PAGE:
I've never been much of a fan of Sir Terence Conran's. Like many self-loathing members of the petit bourgeoisie, my taste runs to the ostentatiously aristocratic and the aggressively proletarian, without much interest in the stuff in between. I'm almost as happy to dine in my local greasy spoon as I am at the Ivy, but the idea of going to a Conran restaurant gives me the heeby jeebies. They're the culinary equivalent of a Julian Barnes novel.
One of Sir Terence's missions in life, along with converting the masses to modernism, has been to popularise regional French cooking, starting with the Orrery in 1954. Since then, he's been through four wives, several fortunes and a factory full of cigars. At last count, he owned 44 restaurants, bars, cafes, clubs and food stores, with his latest venture being the Almeida in Islington. As an expression of everything he stands for, it couldn't be more fully realised. It might as well be called "the Terry".
To give the Almeida its due, both the food and the service are excellent. I went there with my friend Taffy, a barrister, and we were fortunate enough to be waited on by Rodolphe Bertin, the Restaurant Association's Young Chef of the Year. He recommended we try the charcuterie trolley and we feasted on a selection of pates and cured meats. The jellied ham was particularly good, with the duck rillettes coming in a close second. We followed up with the Chateaubriand for two which was just about as perfect as it could be. All in all, a very satisfying French meal.
Atmospherically, the Almeida wasn't nearly so rewarding. Admittedly, we arrived at about 10.30pm, having been to the theatre beforehand, but given that it's opposite the Islington theatre of the same name I was expecting more than half a dozen of the 85 seats to be occupied. It's a big, open-plan restaurant with a very high ceiling and the lack of customers made it seem very empty indeed. What could explain this absence when nearly every shoe box on Upper Street, Islington's main thoroughfare, is packed to the rafters at this time of night?
The answer's simple: it's wildly overpriced. The dishes themselves aren't unreasonable, but if you want any vegetables with your meal you have to pay extra. Taffy and I had chips, green beans and spinach with our beef which bumped the bill up by £9.50. When you add the cost of four glasses of wine, a bottle of mineral water and one pudding, the total came to £106.26. If Conran's hoping to convert the local residents of the People's Republic of Islington to the delights of bourgeois French food, he's going to have to charge a lot less than £50 a head. You might as well open a branch of Nobu in Shepherd's Bush.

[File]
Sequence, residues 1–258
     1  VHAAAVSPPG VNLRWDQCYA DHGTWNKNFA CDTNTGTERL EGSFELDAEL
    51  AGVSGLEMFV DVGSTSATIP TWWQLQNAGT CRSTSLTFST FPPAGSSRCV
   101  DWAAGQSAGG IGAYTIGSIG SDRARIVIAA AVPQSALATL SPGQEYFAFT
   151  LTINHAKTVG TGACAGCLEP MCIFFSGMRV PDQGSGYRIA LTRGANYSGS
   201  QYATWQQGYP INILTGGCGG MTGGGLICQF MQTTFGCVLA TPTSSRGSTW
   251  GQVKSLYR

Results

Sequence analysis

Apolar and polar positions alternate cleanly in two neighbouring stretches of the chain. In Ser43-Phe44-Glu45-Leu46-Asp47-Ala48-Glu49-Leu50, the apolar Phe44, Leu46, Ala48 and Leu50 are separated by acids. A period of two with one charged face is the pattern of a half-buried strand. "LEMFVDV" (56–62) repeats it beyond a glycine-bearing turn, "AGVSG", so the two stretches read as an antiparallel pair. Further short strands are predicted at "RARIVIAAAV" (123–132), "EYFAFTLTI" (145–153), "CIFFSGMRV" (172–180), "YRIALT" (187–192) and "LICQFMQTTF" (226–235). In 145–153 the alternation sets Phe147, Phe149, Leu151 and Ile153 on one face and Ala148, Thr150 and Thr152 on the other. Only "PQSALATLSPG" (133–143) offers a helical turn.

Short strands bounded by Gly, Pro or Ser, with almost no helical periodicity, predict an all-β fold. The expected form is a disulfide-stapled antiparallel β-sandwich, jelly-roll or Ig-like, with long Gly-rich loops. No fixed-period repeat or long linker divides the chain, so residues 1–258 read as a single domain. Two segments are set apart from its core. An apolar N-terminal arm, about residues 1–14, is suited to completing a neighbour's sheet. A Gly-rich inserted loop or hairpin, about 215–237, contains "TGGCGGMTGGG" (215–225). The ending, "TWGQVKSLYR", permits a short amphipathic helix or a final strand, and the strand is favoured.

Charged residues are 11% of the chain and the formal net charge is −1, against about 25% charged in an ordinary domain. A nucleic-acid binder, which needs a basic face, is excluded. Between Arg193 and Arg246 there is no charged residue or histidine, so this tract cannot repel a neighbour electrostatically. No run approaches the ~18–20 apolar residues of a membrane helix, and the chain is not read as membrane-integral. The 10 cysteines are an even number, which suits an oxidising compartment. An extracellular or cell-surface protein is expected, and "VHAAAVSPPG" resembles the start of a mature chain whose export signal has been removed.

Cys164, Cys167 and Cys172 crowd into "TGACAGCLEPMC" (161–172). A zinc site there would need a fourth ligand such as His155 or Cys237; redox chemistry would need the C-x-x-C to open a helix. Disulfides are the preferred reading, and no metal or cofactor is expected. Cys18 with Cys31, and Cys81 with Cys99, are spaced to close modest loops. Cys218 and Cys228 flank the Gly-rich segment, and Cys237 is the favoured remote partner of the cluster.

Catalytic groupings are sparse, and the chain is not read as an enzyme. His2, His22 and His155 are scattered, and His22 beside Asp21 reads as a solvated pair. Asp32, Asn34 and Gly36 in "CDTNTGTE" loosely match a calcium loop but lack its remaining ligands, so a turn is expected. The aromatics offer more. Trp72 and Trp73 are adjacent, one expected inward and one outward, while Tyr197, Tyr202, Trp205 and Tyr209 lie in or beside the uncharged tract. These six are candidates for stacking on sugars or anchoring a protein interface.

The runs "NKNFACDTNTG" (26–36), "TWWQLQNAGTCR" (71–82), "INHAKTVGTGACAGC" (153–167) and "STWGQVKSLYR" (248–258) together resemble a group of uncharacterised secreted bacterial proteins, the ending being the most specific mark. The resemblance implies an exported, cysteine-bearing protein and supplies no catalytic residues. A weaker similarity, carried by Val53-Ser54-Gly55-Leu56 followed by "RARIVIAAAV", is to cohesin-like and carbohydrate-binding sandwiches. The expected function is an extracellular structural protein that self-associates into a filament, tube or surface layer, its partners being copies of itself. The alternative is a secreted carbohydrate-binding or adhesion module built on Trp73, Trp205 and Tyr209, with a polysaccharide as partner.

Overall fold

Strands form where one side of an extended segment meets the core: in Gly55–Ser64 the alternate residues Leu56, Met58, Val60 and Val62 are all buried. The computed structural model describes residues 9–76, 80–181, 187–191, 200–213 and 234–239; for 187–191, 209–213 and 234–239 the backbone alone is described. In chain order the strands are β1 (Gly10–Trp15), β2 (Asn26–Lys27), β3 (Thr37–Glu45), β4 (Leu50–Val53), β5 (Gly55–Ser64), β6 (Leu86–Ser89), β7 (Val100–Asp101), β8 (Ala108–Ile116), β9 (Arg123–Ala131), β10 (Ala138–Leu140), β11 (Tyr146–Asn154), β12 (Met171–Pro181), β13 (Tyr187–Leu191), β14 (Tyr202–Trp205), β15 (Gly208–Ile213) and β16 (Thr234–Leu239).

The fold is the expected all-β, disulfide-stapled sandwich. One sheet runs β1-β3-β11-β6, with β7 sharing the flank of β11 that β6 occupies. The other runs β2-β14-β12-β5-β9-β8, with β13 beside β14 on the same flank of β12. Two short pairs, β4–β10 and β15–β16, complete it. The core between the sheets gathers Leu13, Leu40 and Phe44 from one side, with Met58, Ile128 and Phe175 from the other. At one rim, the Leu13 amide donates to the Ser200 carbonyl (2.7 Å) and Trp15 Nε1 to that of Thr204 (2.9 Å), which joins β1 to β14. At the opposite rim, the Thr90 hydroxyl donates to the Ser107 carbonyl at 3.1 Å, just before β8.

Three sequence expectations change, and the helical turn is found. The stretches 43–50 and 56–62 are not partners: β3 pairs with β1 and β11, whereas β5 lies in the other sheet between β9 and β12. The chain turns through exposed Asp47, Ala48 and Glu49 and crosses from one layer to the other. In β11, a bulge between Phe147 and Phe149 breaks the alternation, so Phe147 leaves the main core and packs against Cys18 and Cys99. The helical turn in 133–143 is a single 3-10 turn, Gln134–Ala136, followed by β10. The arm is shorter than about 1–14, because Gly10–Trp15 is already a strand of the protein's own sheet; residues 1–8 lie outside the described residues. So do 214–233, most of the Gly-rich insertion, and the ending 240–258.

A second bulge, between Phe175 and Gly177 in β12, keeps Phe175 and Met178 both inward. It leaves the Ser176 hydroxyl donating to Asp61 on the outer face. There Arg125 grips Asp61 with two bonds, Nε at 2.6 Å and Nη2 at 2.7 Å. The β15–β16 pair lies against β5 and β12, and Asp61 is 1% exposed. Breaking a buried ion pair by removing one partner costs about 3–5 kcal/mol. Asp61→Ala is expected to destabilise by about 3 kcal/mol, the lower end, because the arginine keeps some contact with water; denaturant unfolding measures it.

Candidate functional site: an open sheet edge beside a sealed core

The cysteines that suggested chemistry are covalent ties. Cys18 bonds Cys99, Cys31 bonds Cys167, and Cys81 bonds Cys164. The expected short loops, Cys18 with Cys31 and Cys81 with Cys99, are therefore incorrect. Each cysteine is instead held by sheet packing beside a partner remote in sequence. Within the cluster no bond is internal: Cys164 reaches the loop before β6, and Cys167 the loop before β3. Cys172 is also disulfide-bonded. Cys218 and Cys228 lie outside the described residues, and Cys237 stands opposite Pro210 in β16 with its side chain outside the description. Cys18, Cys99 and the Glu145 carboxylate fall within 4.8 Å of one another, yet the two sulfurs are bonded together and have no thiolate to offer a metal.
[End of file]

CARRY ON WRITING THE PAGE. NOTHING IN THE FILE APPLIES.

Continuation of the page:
An effort has been made to redress this problem in the form of a tapas bar which has recently been opened in a box-like room to the right of the bar. All dishes cost somewhere between £2 and £3, with some reasonably priced wines available by the glass. But given how many bone fide tapas places there are in the neighbourhood it seems unlikely that anyone will come to an expensive French restaurant to seek it out. Needless to say, it was empty on the night I went there.
How can Sir Terence justify the wildly inflated prices at Almeida when he claims to be on a mission to democratise good taste? I was reminded of an afternoon I once spent with an American woman going round the Bluebird, Conran's food emporium on the King's Road, dutifully noting down all the prices. I had bet her £100 that Bluebird was the most expensive grocery store in the world and we were going to compare the prices with Dean & Deluca in New York. I won.
Don't misunderstand me. The food at Almeida is very good and the next time I'm at the theatre opposite I might well go there again. But as a business venture it seems hopelessly misconceived. I'd be amazed if it's still there in five years time.